Reparations- Yomaira Figueroa

In the Chapter “Reparations” from her book Decolonizing Diasporas, writer, scholar, and associate professor Dr. Yomaira Figueroa uses three novels of a contemporary Afro-Latinx literary corpus (among them Bodega Dreams, our focus) to theoretically engage with the concepts and practices of reparations and decolonial love.

Central Theoretical Arguments

.Ideological structures, orders, and legacies of colonialism subsist (coloniality). (117)

.Calls for reparations must contend with current social and political injustices and dismantle colonialism and coloniality itself. (117)

.Reparations are based on an ethics of valuing differences and the notion that justice-oriented work in the present is valuable in the future. (119)

.Reparations imply that other worlds beyond our imaginations are possible. (119)

.Decolonial love is what fuels the work of decolonization as a political and social project. (120)

.Decolonial love necessitates ethical actions in the face of visible and invisible domination. It requires forging relationships based on love and affinity. (121)

.Bearing witness to violence in the past and in the present is central to achieving a decolonial reparation. (121)

.Practices of decolonial love can be found across communities of color in creative, political, social, and cultural [and religious or spiritual] forms, and act as reparative forces beyond the scope of capitalist accumulation. (121)

.Material reparations must go in tandem with a commitment to transforming both the ideologies and structures of coloniality. (124)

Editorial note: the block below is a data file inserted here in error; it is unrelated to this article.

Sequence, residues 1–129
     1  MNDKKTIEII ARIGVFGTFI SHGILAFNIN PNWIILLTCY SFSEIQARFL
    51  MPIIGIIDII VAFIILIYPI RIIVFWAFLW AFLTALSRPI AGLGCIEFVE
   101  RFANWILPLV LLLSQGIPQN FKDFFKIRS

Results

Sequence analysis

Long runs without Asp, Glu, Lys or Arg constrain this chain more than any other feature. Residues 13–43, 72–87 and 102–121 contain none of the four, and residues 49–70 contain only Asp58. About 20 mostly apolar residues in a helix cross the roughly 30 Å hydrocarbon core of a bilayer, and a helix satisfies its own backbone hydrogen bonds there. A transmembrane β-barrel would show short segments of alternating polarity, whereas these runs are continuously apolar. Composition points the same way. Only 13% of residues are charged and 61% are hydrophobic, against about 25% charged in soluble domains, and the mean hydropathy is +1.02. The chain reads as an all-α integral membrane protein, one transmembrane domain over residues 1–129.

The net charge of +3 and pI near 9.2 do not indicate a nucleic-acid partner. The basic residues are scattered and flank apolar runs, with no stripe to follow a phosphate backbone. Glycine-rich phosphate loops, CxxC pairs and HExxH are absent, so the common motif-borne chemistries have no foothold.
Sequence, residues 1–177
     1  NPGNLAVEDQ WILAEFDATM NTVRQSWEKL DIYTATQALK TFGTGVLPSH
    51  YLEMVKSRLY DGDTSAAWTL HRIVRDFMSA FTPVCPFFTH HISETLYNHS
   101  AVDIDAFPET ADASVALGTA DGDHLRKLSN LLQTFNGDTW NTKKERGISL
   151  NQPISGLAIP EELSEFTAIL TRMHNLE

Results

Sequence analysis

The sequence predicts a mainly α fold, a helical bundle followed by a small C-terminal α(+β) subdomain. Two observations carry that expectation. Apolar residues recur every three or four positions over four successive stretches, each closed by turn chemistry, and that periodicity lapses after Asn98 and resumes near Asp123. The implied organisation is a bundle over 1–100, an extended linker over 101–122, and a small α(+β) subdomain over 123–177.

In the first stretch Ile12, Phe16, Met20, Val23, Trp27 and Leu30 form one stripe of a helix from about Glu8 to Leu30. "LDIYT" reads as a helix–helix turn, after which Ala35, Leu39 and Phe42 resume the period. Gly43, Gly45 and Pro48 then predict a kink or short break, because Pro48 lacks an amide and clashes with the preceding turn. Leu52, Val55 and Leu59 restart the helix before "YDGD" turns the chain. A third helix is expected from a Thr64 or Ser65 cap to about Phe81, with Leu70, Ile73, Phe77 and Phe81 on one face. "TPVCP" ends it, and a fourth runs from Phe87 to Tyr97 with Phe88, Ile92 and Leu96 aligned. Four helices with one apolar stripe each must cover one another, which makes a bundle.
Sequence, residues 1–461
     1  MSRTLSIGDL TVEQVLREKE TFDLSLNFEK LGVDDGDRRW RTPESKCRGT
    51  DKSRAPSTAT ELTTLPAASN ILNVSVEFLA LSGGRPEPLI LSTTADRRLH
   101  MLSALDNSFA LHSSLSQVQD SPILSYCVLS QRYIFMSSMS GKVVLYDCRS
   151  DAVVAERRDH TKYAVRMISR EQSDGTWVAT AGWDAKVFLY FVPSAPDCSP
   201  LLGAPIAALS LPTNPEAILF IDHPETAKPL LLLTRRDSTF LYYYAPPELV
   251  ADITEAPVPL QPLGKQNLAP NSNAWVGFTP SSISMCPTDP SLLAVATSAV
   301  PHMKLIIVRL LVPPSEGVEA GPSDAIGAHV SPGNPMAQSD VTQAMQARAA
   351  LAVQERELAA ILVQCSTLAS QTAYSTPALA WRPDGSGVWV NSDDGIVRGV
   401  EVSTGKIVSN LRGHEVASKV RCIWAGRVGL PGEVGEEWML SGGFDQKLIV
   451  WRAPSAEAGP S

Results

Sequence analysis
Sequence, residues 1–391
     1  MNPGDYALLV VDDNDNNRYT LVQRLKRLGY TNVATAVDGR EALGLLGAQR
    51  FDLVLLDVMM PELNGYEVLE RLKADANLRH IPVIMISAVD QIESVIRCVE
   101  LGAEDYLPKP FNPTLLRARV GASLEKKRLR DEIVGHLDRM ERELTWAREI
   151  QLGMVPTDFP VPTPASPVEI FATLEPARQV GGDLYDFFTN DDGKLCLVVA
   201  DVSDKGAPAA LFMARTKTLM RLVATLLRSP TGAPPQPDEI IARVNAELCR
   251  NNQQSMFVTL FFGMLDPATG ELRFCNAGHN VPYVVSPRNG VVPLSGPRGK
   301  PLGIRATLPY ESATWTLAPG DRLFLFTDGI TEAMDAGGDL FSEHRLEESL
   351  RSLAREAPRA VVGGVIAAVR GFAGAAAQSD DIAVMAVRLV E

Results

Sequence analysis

Oral presentations on “Reparations” (Pages 117-135; 145-6) by Yomaira Figueroa

Morel, Ernesto

Reyes, Noelia

Reisgerzog,Nicholas D

Yan, Timothy

Joachim, Taiya M

DaCosta, Alexander

Chain Reactions

Bodega Dreams posits a reparation of the self and reconciliation of community. Quiñonez proposes a reparation of the imagination by decolonial love that goes beyond colonial and settler logics. (118)

Figueroa says that Bodega’s grand vision of real state power and middle-class aspirations helps Julio (Chino) start practicing decolonial love by finding beauty in his neighborhood, love for his community, and respect for their literal and cultural language. (125)

However, she argues that Bodega’s dreams fail because of his reliance on the capitalist model of accumulation and distribution. He believes that reparations for East Harlem will be achieved by mimicking corrupt Anglo political and economic patterns. (127)

Do you agree or disagree with Figueroa? What examples from the novel can you bring to support your views?

Group Discussion

What was a major takeaway from our class?

What was difficult this semester and how did you overcome that obstacle?

Chat Discussion

Send some good vibes and words of encouragement to your classmates.

Asynchronous Assignment on Bodega Dream (Pages 201-213; Book III)